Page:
Research on free-living, disc-shaped cheilostomes cupuladriids in central America formed the subject of three presentations. Aaron ODea compared the life histories of cupuladriids on the Pacific and Caribbean sides of the Panamanian Isthmus, finding that a higher proportion of colonies in the Pacific were formed as a result of asexual fragmentation rather than sexual production of larvae. Amalia Herrera-Cubilla read two co-authored papers on the systematics of these cupuladriids, showing that colonial characters, little used in their taxonomy, can actually be of great value in discriminating between species.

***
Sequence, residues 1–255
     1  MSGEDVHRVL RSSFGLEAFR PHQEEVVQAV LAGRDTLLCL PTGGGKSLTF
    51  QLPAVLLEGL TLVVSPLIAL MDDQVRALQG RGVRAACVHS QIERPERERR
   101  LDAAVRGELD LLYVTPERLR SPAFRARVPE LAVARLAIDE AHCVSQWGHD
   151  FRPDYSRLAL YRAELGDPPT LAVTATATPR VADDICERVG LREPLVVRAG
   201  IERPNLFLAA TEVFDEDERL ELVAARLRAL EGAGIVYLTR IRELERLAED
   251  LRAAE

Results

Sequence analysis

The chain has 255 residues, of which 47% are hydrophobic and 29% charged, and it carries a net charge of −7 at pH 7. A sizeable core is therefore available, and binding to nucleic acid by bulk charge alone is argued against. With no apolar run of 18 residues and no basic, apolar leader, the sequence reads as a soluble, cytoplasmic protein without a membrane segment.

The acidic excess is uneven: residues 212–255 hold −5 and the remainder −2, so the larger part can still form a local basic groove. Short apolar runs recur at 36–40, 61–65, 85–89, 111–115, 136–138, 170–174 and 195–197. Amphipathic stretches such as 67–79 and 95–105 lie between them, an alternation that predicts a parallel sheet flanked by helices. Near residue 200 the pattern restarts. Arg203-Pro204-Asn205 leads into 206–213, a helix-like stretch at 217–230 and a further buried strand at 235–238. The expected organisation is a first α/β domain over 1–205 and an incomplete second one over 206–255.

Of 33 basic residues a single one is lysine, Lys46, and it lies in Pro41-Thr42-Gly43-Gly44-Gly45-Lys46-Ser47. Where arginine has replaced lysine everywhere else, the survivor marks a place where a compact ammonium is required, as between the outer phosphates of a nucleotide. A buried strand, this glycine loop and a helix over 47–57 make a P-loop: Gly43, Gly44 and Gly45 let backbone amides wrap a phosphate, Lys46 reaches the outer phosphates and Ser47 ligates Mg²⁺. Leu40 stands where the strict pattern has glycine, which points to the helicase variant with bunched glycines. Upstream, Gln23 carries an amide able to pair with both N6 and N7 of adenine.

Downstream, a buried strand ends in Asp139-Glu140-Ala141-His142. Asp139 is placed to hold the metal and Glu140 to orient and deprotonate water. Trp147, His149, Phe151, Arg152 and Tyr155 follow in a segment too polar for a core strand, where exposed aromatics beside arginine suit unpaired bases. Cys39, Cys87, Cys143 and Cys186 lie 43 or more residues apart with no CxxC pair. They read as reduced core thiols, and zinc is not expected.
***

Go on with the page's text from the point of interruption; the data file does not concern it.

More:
The painstaking refinement of species-level taxonomy seen in Central American cupuladriids finds a parallel in the work being undertaken by Roger Hughes and co-workers on Celleporella hyalina. This important research has elegantly demonstrated the existence of cryptic speciation æ supposed C. hyalina at the present day consists of about 15 genetically distinct species. A cluster of clades, each characterising a major geographical region, is thought to have diverged during the Miocene, about 10-15 million years ago, with subsequent subdivision of these clades in the Plio-Pleistocene. Mating experiments and SEM of skeletal morphology back-up the genetic results. Comfortingly for paleontologists, most of the genetic species are recognizable from their skeletal morphology. If these findings for C. hyalina are typical for cheilostomes as a whole, then we may be underestimating the diversity of modern cheilostomes by an order of magnitude, and the true diversity of Recent bryozoans may be nearer 50,000 than the oft-quoted figure of 6,000 species.